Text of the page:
A Facebook acquaintance posted a picture on the timeline of an influential Portsmouth political action committee recently. It shows a well-known residential property that has hosted a variety of political signs over the course of many election seasons with the owners’ current selections. The caption supplied by the person posting was the time-worn saying that a picture is worth a thousand words. The inference I drew from this commentary was that sign proximity indicates personal affinity.
When I was working my way toward my bachelor’s degree, one of my history professors impressed on me that the work of a historian is to “question/complicate” the accepted narrative. It is a charge I have accepted willingly and not exclusively in the realm of history. In that vein, I feel compelled to offer the following:
Surely, the signs in someone’s yard convey how the householder feels but not necessarily how any one candidate feels about the others. Not to make excuses for Candidate Rowe, but I can attest that his signs were present on that patch of ground many weeks before the T-P [Trump-Pence] (a fitting abbreviation) sign appeared. We have heard that politics makes stranger bedfellows; it can make for even stranger “yardfellows”. My signs share space with those of some candidates whom I do not endorse or support, and I expect those folks may feel similarly regarding my signs. The exception, of course, is what sits in my own yard; you can believe no one has a sign there aside from the people I want to see elected! The bottom line is that in America people get to make up their own minds about which candidates to support. If we believe in democracy, we need to respect our neighbor’s choices, even if we disagree with some, all, or most of them. Sir Winston Churchill provided us this food for thought: “Many forms of Government have been tried, and will be tried in this world of sin and woe. No one pretends that democracy is perfect or all-wise. Indeed, it has been said that democracy is the worst form of Government except all those other forms that have been tried from time to time.”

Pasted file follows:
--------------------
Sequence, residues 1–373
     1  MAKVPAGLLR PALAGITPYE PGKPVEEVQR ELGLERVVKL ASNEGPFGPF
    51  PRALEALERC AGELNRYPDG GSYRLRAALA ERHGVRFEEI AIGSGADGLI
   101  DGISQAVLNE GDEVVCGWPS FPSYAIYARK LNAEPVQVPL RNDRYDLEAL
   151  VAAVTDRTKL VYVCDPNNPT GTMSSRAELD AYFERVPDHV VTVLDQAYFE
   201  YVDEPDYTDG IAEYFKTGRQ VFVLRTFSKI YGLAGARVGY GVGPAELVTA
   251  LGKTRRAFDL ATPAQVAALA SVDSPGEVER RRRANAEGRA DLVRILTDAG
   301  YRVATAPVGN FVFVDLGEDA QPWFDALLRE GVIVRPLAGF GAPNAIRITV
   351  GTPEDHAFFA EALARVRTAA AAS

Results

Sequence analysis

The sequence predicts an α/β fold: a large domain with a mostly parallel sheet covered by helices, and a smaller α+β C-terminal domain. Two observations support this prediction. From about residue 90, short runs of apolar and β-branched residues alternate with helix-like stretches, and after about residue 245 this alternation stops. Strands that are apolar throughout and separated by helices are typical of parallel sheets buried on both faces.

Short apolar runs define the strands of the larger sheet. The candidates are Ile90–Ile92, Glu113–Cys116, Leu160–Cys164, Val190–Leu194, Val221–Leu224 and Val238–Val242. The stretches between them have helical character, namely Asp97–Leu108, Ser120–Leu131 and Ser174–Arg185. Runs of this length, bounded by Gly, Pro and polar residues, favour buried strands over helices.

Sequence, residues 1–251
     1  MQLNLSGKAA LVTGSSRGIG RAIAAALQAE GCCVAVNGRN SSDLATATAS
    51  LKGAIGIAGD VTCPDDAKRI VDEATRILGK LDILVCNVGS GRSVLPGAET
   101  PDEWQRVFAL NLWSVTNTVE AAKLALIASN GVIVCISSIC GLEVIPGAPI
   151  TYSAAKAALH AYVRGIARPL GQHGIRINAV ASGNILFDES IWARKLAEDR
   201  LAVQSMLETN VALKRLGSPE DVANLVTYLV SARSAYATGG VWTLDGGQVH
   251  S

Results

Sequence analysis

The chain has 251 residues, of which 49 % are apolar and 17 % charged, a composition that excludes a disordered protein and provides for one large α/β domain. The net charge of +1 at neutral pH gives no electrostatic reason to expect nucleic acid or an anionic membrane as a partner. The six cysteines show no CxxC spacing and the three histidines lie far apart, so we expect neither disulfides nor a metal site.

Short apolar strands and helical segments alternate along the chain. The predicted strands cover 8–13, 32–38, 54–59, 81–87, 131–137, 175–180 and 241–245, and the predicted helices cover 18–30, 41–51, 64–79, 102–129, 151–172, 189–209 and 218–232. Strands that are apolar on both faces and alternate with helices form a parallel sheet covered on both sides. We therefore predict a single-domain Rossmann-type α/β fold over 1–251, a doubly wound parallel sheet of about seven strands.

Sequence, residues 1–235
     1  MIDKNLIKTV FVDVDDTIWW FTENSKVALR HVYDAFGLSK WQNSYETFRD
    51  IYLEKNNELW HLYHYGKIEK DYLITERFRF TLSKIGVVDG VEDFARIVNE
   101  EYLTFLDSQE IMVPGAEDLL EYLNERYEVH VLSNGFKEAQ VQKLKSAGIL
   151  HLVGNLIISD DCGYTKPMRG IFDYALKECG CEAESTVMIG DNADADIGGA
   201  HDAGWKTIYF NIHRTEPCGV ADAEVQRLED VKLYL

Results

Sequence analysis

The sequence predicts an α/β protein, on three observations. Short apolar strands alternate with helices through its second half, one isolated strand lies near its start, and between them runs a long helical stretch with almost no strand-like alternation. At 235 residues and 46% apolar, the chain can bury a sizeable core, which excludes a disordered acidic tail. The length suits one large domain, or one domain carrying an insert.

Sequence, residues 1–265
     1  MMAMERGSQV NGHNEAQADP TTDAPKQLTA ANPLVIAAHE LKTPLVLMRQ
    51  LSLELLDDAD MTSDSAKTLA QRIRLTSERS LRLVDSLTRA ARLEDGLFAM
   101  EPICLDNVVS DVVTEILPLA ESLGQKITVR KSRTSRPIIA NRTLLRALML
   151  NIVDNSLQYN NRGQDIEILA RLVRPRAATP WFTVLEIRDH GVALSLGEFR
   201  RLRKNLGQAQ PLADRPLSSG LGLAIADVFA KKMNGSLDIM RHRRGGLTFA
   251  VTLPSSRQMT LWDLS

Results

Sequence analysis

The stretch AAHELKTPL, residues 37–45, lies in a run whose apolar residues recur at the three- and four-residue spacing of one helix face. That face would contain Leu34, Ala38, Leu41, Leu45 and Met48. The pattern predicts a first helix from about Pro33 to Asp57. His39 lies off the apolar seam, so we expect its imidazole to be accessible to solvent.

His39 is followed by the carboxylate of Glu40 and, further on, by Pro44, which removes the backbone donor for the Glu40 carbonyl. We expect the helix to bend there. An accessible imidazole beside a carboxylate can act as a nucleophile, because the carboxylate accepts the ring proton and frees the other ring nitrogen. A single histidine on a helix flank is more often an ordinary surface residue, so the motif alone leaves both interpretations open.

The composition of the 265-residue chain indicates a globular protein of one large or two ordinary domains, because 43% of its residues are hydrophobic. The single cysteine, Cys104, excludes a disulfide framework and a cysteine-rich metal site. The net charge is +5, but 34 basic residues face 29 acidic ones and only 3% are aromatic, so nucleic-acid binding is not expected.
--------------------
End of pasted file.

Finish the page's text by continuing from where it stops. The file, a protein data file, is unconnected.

Not very long after writing a very similar comment and sharing the posting to a few other FB group timelines, the original got yanked from the host site. When it did, my comment also disappeared. Fortunately, I had saved the text in a less “vulnerable” location and was able to post it here. I believe this is a discussion that deserves to run its course and am, therefore, providing it a new home. You are welcome to weigh in.